Ingredients commonly used in a classic British breakfast fry-up or Aussie breakfast sandwich actually comprise one of Asia's most well-known comfort dishes that is called "tomatoes and eggs".
Hello, tomato-and-egg dinner at my house and billions of households around the world for Chinese, Cantonese and Taiwanese families. So popular is this recipe that it does not even have a proper name. It's just 'tomatoes and eggs', the same name in Mandarin.
Juicy hot cherry tomatoes pop in your mouth with just a hint of basil for sweetness. When both mingle with creamy baked eggs, it’s an amazing combination of texture and flavour that makes for very happy tastebuds. You can serve these eggs for breakfast or brunch, but I’d eat them for dinner any day. I highly recommend serving the eggs with a side of polenta fries to soak up all the juicy goodness.
My memories and affection for my mum's tomato and egg (番茄炒蛋) recipe is one of adoration and comfort. It has always been a favourite of mine. My mum would make it on a whim if she felt there was not enough food on the table (despite having seven dishes already on the table), or if one of my aunties or uncles turned up unexpectedly for dinner. It is your ultimate dish for comfort and even to quash unexpected late-night munchies.
In Mandarin, there is a phrase: xia fan (下飯), which loosely means 'well with rice'. This tomato-and-egg rice is the perfect xia fan dish. When I asked my mum why she made this dish so regularly and why Chinese families all know about it, her answer was simple: 'xia fan'.
What my mum means is, you can easily go through two or three bowls of rice with this tomato-and-egg dish. It is filling, nourishing and delicious and that's what makes it so perfect. The simplicity of the dish perplexes me somewhat as the recipe circulates among social media food influencers. The recipe is always 'trending', so much so that even large publications like The New York Times have it online, as well as some US chefs who have garnered a cult following with their versions of it, like Lucas Sin.
For many Asian-Aussies, the tomato and egg dish is also loved by celebrities. Fellow SBS food writer, Hetty McKinnon has shared her own take on the dish with SBS Food. While McKinnon's version is fused with the North African-Middle Eastern dish shakshuka, this shows there is no rule for how to enjoy, interpret or serve the tomato-and-egg dish.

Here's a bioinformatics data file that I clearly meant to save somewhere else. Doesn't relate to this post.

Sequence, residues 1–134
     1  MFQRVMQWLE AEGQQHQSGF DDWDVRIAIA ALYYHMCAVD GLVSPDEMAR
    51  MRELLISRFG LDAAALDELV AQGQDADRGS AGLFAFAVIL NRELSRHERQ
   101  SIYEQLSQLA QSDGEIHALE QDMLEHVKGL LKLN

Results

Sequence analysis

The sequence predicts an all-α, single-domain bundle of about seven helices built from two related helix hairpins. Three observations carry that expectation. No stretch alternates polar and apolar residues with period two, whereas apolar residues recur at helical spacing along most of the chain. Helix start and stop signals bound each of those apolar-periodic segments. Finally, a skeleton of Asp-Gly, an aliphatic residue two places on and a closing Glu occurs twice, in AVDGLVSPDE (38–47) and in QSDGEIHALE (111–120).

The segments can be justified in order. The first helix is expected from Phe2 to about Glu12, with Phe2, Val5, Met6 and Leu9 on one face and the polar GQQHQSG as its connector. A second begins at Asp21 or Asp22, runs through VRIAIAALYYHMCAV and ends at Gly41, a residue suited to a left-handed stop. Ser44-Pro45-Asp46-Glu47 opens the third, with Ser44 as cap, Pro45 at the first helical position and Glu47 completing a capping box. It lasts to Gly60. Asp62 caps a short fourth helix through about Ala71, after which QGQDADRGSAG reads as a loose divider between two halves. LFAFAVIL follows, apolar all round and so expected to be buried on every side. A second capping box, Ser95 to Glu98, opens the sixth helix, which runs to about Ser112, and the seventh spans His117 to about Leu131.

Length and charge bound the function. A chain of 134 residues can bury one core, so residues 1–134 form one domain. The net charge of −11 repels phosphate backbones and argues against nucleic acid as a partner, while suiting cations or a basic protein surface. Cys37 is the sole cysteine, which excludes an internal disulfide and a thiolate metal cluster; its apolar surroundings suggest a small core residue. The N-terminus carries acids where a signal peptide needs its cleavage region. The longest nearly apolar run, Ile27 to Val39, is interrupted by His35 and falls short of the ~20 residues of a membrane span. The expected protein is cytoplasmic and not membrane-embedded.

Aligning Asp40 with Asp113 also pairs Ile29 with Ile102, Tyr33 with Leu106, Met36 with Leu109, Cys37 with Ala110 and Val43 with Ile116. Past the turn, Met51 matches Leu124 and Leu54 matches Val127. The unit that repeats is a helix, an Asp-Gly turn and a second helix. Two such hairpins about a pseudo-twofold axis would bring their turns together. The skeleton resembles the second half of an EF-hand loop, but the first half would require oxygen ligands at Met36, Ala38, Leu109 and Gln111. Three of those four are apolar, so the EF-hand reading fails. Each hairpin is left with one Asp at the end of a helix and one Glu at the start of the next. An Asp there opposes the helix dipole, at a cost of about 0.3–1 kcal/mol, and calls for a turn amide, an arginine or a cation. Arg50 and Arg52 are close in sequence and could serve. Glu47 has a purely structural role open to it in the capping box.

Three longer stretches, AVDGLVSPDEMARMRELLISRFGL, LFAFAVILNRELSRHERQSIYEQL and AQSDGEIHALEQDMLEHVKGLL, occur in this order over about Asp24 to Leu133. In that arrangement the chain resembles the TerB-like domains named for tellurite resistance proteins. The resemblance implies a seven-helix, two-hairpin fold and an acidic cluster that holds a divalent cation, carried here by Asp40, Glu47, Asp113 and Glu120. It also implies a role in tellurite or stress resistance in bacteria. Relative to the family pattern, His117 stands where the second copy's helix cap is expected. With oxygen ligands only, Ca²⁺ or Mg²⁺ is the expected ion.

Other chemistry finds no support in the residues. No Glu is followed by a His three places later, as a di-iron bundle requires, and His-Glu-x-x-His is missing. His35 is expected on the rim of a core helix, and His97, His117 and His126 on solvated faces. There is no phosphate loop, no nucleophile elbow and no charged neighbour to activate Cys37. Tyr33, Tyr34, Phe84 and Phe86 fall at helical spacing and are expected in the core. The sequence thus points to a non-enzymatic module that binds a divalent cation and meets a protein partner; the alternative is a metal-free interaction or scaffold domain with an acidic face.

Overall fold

Jowett Yu, a chef in my most recent book, Chefs Collective, remembers eating the dish on a weekly basis. "It brings me back to my childhood," says the chef and father, who now cooks it for his son. "It was a dish that was a part of my mum's weekly repertoire. It is easy to make and the kids love it for its sweet and acidic [flavours]. It exemplifies the best of Chinese home cooking."
"It exemplifies the best of Chinese home cooking."
Chef Archan Chan shares my view too and serves her tomato and egg recipe with rice in its traditional glory. Her dish features eggs scrambled, tomatoes slightly stewed and slightly sweet and sour in taste. When Archan and I chatted over the dish, her words said it all: "Very tasty dish". I have to agree. The three words might not paint a full picture but us Asian kids know what she means when she says "tasty".
Chan says, "My grandma cooks the egg-like omelette in the wok so it's nice and charred. Then she will cook the tomatoes with ketchup, water and sugar, and then add the egg back in the end so the egg could absorb the sweet and sour sauce, [before] finishing with some spring onions."
She adds, "I guess the popularity of the dish is that it is available everywhere in Hong Kong food courts and the dish uses ingredients on hand.
"It seems easy [enough], however, it is uneasy to cook to perfection, meaning to get the perfect balance of the sauce and texture of the egg."
My own recipe does not use tomato sauce because my mum never did. I tried it once when I had just one tomato in my fridge and a dozen eggs, but I couldn't help but compare it to canned spaghetti. Chan's tomato-and-egg recipe does perhaps include ketchup because of her Hong Kong background. Hong Kong was influenced by British colonisation and consists of many westernised Asian dishes like macaroni and ham soup.
We do, however, agree on one thing. Tomatoes and eggs have the ultimate xia fan factor. "The sauce could make you eat a bowl of rice...easily," says Chan. Completely agree with you there, Chan.
This nourishing bowl is filled with rice, tender five spiced-rubbed duck, and a rich sauce based on Oolong tea. The aromatic combination is balanced with steamed greens.